Celebrities who complain about being celebrities –
This is a long list that includes pro athletes irritated at the press for “holding them to higher standards”, or more accurately, covering their lower standards; stars incredulous when the media refuses to give them their due privacy when their vast fortunes were made entirely by the media turning them into house-hold names (it’s definitely not their acting that’s worth millions); and perhaps more so than anyone, singers who lament how hard it is to be rich and famous in songs, which in turn will make them richer and famous-er. Aside from the obvious putridity of this, my biggest gripe with all of these infants is that if their respective celebrity is really such a burden, they can simply dump it. They can donate their money to charity and move to Canada where no one cares about anyone. Bam! Problem solved. The single mom who has to work two jobs and can’t afford to go back to school to better her situation because she needs to pay for daycare, yeah, she can’t just get rid of those problems. So celebrities, stop asking us to walk a mile in your shoes to see how we like it because even if we didn’t, we would either appreciate that we couldn’t have everything or just lose the shoes and not bitch about it.
Incorrect usage of “literally” –
Let’s say you have been waiting at a bus stop on a cold day. If it is exceptionally cold the guy standing next to you might quip, “I am literally freezing.” Of course, you know this isn’t true. If he were literally freezing he wouldn’t be able to speak, and then casually return to his soduku. What he meant was, “it’s very cold” or, “it’s so cold I feel almost like I’m freezing.” Where he said “literally” what he meant was “figuratively”, or in other words, the exact opposite of “literally”. Every once in a while this misuse of words for hyperbole-sake is acceptable, but recently people have been committing gramtical genocide with it. Instead of using such qualifiers as “very”, “really”, and “so” to amplify moderators and accurately convey their thoughts, folks these days cram in “literally” all willy-nilly like. If I want to say that someone is very beautiful or so beautiful, I don’t tell them they are literally beautiful.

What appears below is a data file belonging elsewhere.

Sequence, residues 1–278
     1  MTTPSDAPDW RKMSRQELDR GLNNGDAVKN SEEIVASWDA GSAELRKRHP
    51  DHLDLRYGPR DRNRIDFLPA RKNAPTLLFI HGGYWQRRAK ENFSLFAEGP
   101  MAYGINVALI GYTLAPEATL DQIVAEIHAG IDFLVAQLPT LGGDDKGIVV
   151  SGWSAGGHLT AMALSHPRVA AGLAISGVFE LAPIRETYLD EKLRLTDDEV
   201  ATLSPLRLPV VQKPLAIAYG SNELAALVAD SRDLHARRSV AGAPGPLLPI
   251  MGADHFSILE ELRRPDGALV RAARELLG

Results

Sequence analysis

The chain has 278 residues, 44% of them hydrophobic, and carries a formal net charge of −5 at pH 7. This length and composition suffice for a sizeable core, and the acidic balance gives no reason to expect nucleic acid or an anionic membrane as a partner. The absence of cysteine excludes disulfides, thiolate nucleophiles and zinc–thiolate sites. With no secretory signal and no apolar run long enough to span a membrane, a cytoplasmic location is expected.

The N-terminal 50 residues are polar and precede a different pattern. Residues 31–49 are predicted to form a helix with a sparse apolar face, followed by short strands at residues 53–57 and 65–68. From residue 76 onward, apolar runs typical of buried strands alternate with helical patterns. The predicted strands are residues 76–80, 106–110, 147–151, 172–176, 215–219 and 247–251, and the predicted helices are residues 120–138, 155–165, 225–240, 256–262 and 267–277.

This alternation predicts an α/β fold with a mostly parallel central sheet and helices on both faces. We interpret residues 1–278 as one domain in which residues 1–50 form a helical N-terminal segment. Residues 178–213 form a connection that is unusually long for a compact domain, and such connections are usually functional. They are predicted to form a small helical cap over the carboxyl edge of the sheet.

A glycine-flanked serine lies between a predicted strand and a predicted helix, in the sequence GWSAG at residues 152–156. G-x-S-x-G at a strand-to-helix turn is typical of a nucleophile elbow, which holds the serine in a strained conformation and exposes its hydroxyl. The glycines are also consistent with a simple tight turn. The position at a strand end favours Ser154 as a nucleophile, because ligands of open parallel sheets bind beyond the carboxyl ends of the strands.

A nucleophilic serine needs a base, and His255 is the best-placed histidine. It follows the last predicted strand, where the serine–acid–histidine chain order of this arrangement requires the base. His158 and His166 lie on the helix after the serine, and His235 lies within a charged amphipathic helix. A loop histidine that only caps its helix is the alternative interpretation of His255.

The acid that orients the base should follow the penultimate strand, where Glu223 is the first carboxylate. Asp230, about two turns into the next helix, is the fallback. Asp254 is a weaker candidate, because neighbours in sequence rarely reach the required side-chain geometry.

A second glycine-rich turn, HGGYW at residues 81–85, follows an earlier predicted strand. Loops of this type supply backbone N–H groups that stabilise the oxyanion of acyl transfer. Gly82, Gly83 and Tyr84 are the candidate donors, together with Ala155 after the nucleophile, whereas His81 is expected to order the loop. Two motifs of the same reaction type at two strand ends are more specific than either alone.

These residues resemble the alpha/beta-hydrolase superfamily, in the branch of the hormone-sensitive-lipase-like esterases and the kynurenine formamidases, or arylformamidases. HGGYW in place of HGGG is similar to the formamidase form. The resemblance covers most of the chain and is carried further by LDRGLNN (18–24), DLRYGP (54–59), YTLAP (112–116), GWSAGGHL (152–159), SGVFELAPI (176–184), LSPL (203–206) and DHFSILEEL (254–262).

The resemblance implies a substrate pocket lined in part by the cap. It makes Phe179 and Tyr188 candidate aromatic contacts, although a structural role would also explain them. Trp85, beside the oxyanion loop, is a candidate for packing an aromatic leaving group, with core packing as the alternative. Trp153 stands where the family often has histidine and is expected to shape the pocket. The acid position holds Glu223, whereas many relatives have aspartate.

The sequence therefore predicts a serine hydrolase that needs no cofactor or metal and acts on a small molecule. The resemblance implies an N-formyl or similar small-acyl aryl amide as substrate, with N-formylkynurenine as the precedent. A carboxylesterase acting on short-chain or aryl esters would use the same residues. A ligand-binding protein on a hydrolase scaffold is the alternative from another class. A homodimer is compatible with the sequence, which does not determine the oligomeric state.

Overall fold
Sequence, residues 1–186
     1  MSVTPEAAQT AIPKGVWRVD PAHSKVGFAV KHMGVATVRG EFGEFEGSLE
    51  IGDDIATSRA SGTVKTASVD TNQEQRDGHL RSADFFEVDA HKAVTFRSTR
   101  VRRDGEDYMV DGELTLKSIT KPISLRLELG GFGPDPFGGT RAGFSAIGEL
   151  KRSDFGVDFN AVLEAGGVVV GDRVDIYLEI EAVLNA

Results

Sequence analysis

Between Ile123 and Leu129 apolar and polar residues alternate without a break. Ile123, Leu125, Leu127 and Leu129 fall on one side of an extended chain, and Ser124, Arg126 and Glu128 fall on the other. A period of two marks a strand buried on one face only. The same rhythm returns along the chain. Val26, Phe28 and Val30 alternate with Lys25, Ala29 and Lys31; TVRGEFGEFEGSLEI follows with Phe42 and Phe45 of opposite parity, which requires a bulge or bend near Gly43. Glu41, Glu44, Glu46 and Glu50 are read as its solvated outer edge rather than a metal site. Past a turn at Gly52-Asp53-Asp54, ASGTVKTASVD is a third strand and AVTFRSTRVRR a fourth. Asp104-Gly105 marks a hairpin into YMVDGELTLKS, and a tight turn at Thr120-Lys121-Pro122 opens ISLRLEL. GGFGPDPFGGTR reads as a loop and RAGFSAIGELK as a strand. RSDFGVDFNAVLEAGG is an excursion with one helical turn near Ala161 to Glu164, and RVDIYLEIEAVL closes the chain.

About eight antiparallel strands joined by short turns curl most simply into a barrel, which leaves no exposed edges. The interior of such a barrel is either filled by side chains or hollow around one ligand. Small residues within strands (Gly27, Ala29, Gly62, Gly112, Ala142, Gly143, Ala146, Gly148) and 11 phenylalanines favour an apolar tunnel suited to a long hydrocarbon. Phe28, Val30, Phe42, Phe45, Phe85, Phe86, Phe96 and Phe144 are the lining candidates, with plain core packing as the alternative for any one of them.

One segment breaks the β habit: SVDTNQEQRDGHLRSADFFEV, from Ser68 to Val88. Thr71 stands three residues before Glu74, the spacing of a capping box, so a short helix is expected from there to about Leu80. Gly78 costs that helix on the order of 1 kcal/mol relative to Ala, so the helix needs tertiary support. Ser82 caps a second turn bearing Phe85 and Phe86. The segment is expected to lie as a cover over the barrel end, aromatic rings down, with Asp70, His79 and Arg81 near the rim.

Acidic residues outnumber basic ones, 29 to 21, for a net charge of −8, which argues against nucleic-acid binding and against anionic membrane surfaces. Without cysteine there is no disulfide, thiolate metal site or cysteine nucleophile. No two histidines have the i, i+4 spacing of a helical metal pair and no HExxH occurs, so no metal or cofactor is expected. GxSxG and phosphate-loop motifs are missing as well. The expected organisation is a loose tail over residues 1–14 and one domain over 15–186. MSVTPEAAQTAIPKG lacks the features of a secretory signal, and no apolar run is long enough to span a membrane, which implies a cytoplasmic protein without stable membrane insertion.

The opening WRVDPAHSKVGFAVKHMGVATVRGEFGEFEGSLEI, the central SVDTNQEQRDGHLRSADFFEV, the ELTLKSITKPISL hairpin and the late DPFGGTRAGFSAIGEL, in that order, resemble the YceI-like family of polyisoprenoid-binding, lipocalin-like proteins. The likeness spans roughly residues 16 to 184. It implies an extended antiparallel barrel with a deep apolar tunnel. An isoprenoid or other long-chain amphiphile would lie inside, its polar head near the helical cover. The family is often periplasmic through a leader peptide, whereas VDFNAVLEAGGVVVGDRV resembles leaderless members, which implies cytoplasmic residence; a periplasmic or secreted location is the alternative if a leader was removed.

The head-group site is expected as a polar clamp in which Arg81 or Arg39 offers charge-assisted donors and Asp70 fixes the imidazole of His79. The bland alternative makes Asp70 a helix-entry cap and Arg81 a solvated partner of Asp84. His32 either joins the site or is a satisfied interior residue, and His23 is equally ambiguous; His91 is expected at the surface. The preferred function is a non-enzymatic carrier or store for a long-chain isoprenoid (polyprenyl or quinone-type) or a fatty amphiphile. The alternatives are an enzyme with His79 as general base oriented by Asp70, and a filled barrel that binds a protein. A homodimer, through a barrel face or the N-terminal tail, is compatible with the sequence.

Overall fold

|Though hilarious, you're setting a bad example Rob Lowe.|
Inexplicable road construction blocking my way no matter where I’m going –
Where’s my hoverboard already, science?
|The blueprint is right there for you, science|
No filter on the Facebook status feed –
This is a double-edged sword or maybe a tripled-edged sword here because as much as I loathe facebook for creating this feature and facebook users for thinking anyone cares whether they, “have no motivation to do work today”, I hate myself for addictively scanning the feed every 20 seconds. It’s like a crack addiction where the crack never runs out, and despite what you crackheads might believe, that’s not a good thing. Important updates like, “I got in into grad school”, “I got engaged”, “I’m coming back to Indianapolis this weekend”, interesting articles; those are all appropriate statuses. Here’s a general rule: anything that you would call more than five people to say can be a status update. If you wouldn’t normally call your friends Jason, Zach, Billy, Kimberly, and Trini to say that you, “just got back from the gym and can’t wait to watch Modern Family”, then you shouldn’t make that your status! Facebook needs to listen to me on this.
I offer this rant because, though pertinent, I don’t feel like writing about grad schools this week. My status remains the same; accepted by Mizzou’s MA program, waitlisted by Minnesota’s MFA program. I’m still researching both programs and getting some good stuff, yeah good stuff, but I’m taking off this week in terms of analysis—at least in blog form.
So tune in next week boys and girls; same justdumbenough channel, same justdrumbenough station!